Back to the Story Spine by Kenn Adams - aerogrammestudio.com
A guest post by Kenn Adams. Kenn is a teacher, author and the Artistic Director of Synergy Theater.

I created the Story Spine in 1991 and, over the years, I’ve been thrilled to watch more and more people use it, teach it, discuss it, and even modify it in order to make it their own. One of my favorite modifications is the addition of “And, the moral of the story is…” at the very end. Over time, however, some of its permutations have become less powerful, I think, than the original due to a missing link here or a different word there. So, I’m happy to present it here in its original 8-line format along with a brief analysis, a couple of interesting examples, and some tips on how to best make use of it.

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How to get permission to use song lyrics in your book

A guest post by Virginia Lloyd. Virginia is an Australian literary agent, editor and freelance writer. Sydney-born, she currently lives in Brooklyn, New York.

Two of my clients have been surprised recently to learn that they are responsible for obtaining permission to reproduce song lyrics in their respective novels. I’m sorry to break it to you, authors, but if you want to reproduce anything by another artist in your book – a painting, a few lines from a poem, song lyrics, a photograph – you have to identify who owns the copyright and contact that person (often a company or a literary estate) for permission to do so.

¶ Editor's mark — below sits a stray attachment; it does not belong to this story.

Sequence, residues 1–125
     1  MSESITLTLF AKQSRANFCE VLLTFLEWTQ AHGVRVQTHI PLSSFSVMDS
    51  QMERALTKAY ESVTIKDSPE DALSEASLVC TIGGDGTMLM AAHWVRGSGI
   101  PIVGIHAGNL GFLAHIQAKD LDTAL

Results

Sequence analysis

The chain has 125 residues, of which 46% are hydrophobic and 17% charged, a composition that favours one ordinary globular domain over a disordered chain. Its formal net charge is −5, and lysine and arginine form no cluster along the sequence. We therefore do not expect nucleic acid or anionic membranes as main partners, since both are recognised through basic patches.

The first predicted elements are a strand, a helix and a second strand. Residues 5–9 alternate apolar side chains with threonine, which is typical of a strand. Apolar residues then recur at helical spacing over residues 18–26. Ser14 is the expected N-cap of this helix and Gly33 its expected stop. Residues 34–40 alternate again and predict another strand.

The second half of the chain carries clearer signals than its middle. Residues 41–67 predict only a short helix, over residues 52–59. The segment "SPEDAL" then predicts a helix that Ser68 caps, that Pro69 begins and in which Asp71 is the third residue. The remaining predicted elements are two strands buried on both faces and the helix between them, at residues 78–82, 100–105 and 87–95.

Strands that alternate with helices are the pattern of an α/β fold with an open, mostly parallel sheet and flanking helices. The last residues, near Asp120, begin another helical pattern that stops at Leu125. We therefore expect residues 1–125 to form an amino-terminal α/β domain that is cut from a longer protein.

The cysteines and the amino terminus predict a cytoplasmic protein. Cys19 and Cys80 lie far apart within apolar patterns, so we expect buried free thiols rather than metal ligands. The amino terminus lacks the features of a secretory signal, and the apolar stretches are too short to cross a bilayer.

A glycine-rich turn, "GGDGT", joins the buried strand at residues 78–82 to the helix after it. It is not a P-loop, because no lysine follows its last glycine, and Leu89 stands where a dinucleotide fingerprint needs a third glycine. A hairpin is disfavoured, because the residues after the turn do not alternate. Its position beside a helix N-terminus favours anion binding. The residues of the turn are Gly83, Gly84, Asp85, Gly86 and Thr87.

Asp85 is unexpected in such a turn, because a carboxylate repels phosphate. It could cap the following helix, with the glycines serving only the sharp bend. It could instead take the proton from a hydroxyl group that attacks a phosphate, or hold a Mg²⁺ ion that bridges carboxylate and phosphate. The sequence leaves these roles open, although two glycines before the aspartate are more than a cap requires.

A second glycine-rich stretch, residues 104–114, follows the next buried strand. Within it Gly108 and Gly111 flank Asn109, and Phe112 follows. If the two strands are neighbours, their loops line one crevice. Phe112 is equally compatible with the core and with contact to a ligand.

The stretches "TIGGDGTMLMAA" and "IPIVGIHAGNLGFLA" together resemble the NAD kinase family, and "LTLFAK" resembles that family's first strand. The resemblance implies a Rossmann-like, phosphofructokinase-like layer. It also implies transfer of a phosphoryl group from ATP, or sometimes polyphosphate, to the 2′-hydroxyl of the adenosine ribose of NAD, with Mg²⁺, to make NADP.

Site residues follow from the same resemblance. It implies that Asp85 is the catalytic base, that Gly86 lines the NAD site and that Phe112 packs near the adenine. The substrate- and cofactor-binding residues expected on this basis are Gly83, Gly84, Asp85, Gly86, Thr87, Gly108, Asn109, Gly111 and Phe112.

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10 Great Podcasts for WritersPodcasts are a fantastic (free!) way to gain new skills and perspectives for your writing. They can also help you to keep up with the latest industry news and trends. Here are 10 of the best.

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Twitter Hashtags for WritersTwitter has over 500 million users around the world, with everyone from pop stars to politicians signing up to join the social networking and micro-blogging site.

For writers, Twitter has the potential to greatly benefit your career. Twitter can better connect you with your readers, provide you with networking opportunities with other creative wordsmiths and, importantly, help you to find new audiences for your work.

Hashtags play a very important role in effectively communicating through Twitter. People use the hashtag symbol # before a relevant keyword or phrase (no spaces) in their Tweet to categorise those Tweets and help them show up more easily in Twitter Search.

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A guest post by Brian McDonald

Ever since Quentin Tarantino’s film Pulp Fiction was released, people have talked in awe about how that film and others have played with traditional notions of story structure. That film tells its story out of sequence and is therefore innovative, or so the reasoning goes. This is a mistake. Telling stories out of sequence is actually as traditional as it gets.

The idea that story structure is ruled by linear chronology is a common error. As I have often written, and told students, one must look at how stories are told in real life. One must study stories not in their written form, or some other medium like TV or films, but in their natural habitat.

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